… Ultra right-wing fans have taken extreme umbrage with the sequel trilogy and anthologies’ emphasis on diversity. These viewers can’t seem to accept a black main character (John Boyega’s Finn) or heroic female leads (Daisy Ridley’s Rey and Felicity Jones’ Jyn Erso from Rogue One).
Boyega called these viewers out, right around the release of The Force Awakens,saying they were “victims of a disease in their mind” and that he was a “confident, Nigerian, black, chocolate man.”
Ridley has dismissed all of the “Mary Sue” talk around her character as blatantly sexist.
It is in these complaints that the racist and chauvinistic undertones of the fandom can be seen in all of their provincial ugliness. These viewers are afraid of what they perceive to be the diminishing power of the white male in society.
These are the “fans” who make Star Wars a particularly hostile environment for some to traverse, especially for female entertainment reporters who receive endless streams of nasty hatred online. Except these aren’t fans at all, they’re simply trolls who want to stir up controversy and elicit reactions. They’re nothing more than attention-seekers who are struggling to find arenas for bullying after grade school.
… “Fans” vs. Trolls: How Technology Only Encourages Hatred
Whether they would admit it or not, the Hollywood powers that be want to hear from fans to better construct blockbusters that appeal to mass demographics, especially as the movie-making landscape becomes further dominated by familiar IP.
But acting on that feedback can produce drawbacks of its own.
“Long-standing franchises (like Star Wars) often carry modern political baggage by nature of being made in earlier eras when men, white people, straight people, etc. were even more socially privileged, and thus overrepresented in media,” KR&I’s Rachel Aparicio, a media studies scholar, told Observer. “Newer iterations of these franchises have often responded to those critiques by being somewhat more inclusive. However, this leads to the (arguably correct) perception that modern media is responding to a social justice agenda. This has made popular culture a lightning rod for conservatives — particularly conservative, white men — who see this process as symbolic of their (perceived) lessening of social and political power.”
“These fans are lashing out in a way that is protective of straight white men,” Robinson observed.
While countless fans have cultivated well-founded and articulate criticisms of the new films, it is these rabble-rousers who harp on a franchise’s diversity that seem to dominate the conversation with the loudest voices. At the root of the issue is a difference in opinion that has been taken to its extreme.
… Perhaps this isn’t anything new. Perhaps this was just a dormant virus waiting for mass communication technologies to develop so that it could infect and multiply.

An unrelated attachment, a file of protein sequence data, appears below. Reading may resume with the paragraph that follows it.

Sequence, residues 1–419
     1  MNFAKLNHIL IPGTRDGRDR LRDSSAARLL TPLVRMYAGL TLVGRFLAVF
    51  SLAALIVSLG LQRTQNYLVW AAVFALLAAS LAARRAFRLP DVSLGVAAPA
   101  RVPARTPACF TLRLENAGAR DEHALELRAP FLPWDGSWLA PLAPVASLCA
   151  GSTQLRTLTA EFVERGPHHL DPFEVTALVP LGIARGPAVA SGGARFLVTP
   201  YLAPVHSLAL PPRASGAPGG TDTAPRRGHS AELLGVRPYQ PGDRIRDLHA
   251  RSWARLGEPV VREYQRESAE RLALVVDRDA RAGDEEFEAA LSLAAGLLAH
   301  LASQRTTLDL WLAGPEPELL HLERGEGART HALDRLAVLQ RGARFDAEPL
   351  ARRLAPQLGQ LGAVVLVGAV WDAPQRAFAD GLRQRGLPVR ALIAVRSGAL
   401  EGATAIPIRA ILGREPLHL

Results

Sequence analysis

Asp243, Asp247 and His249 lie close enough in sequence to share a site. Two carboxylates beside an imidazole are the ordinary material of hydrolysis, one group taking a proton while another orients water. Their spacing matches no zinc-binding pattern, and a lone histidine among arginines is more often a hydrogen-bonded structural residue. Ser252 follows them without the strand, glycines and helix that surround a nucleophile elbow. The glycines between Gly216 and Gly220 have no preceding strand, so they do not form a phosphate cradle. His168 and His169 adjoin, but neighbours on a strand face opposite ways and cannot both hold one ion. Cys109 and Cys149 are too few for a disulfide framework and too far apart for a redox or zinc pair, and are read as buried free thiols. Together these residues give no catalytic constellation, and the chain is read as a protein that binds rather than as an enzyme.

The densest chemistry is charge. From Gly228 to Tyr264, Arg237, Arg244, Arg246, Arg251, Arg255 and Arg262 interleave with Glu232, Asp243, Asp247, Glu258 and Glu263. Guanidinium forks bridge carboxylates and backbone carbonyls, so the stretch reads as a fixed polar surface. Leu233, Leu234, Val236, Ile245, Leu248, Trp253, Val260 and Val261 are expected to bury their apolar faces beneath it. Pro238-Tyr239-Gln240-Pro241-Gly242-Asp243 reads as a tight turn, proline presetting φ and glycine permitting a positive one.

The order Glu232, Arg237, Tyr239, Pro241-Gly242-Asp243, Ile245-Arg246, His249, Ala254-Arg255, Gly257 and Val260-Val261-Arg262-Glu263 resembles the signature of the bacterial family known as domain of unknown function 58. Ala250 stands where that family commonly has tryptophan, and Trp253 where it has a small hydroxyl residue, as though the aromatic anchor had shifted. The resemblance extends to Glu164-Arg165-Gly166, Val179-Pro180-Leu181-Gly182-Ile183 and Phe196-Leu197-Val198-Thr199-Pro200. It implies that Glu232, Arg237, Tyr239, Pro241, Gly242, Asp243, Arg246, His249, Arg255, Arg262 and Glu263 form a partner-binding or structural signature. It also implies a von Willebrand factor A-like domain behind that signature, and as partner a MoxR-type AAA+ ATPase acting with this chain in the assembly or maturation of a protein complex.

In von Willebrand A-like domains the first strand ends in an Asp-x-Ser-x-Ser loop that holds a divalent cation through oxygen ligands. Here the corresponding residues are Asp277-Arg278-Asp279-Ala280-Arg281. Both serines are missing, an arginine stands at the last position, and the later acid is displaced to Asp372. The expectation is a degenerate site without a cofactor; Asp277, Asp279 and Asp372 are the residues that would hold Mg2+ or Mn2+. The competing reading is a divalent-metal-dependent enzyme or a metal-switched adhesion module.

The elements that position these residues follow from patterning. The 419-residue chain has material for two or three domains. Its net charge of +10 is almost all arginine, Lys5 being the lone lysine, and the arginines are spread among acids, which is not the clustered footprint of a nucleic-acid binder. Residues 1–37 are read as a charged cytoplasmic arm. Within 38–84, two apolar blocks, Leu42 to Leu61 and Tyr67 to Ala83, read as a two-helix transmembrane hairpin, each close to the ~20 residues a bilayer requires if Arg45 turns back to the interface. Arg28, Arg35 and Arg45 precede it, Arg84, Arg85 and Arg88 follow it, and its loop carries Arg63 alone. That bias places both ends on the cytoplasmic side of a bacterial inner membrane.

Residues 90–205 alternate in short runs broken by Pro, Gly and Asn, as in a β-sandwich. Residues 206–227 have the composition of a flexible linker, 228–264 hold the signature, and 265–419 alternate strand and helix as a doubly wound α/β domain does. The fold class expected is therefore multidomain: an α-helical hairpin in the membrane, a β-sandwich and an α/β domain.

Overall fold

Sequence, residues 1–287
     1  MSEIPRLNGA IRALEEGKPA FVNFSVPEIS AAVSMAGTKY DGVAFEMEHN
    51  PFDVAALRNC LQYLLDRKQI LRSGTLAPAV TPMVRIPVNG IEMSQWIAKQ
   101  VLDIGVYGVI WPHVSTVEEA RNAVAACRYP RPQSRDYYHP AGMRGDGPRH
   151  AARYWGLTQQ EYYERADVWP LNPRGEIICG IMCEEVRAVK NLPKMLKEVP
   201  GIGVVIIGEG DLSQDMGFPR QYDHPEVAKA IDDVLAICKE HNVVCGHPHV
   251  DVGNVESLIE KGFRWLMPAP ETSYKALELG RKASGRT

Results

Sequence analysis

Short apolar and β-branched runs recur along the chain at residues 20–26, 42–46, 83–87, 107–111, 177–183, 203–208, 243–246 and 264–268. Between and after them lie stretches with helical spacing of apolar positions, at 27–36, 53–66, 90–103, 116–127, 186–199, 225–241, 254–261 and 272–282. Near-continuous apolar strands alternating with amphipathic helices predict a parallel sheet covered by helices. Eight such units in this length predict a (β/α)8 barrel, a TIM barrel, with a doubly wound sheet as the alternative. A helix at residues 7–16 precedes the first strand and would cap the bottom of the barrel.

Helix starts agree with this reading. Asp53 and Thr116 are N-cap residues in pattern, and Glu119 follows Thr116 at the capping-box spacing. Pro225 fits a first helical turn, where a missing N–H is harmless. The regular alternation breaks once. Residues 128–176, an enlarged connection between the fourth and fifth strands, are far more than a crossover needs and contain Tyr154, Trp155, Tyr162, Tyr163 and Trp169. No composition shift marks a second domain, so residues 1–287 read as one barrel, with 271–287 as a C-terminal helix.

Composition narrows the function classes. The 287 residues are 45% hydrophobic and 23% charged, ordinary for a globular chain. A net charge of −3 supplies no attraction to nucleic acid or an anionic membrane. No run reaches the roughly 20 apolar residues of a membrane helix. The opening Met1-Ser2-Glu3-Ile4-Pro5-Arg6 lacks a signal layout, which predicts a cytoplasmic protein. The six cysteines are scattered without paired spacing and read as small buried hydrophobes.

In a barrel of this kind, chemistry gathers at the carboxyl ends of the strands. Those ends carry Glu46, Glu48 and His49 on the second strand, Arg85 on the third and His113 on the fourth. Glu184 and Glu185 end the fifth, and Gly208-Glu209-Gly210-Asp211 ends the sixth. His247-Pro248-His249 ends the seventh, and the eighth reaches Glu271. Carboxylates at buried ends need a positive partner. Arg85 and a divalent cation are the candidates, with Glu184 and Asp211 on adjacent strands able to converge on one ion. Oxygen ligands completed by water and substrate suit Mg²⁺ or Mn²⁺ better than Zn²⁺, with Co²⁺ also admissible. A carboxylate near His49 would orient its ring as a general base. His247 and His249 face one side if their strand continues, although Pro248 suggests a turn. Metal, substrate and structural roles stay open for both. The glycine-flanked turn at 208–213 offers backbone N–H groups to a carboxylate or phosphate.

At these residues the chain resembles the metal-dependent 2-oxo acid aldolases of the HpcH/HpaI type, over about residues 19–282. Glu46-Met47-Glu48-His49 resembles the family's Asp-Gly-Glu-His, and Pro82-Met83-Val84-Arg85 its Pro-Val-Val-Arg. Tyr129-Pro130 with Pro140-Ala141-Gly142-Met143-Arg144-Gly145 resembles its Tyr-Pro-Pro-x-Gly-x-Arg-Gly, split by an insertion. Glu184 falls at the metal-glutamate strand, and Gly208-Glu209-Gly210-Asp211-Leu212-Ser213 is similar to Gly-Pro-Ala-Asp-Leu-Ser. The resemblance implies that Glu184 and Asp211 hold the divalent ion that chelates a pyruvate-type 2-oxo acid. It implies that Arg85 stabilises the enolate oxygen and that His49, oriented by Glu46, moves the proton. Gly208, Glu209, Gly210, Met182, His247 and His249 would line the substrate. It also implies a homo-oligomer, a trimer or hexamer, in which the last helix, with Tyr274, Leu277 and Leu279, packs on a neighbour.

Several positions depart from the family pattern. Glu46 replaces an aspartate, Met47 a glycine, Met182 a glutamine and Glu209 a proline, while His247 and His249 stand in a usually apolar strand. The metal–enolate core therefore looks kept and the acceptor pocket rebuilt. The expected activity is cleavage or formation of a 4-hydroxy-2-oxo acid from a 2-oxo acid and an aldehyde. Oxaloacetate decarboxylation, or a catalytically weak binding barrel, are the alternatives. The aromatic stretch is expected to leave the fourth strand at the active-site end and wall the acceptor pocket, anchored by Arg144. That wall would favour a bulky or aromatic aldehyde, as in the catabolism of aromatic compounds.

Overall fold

Young argues that Star Wars fandom first fractured with the much-reviled Special Editions in 1997 and then again with the divisive prequel trilogy. Had Twitter been around back then, we would have been witnessing the same types of online battles. We now live in the age of entitlement and anonymity, and anyone who has ever perused a comments section can see that it has given free reign to the darker corners of the internet that don’t have to face the consequences of their words.
by Joshua Rivera
Star Wars should stop celebrating its fans. They don’t deserve it.
[Some Star Wars fans bullied some of the actors from the various Star Wars fans so much some of them quit social media]
…is Star Wars fandom really an institution worth defending?
No. It isn’t. Star Wars fandom is notoriously toxic, and you don’t have to look very far to find evidence. [The author cites more examples.]
…Go back further and it doesn’t get much better: Jake Lloyd, who was 8 when he played Anakin Skywalker in The Phantom Menace, blames the film and its fans for making his life “a living hell.”
…Now look: I’m sure millions of Star Wars fans are super people — but these good Star Wars fans aren’t the problem. We don’t point to all the people who are not horrible as a means of excusing people who are.
Spend any amount of time writing on the internet and you’ll know most readers are presumably great, because most readers don’t say anything. But the ones that do? A lot of them really aren’t great.
And all the well-intentioned Star Wars lovers tweeting #NotAllFans aren’t helping anyone, because they can’t change the fact that fandom, as it exists in 2018, is fundamentally broken.
Star Wars is a good case study for this, because it’s a science fiction fantasy franchise that began in 1977 that has been continuously celebrated into the present day — and, more importantly, across multiple entirely different eras of fandom.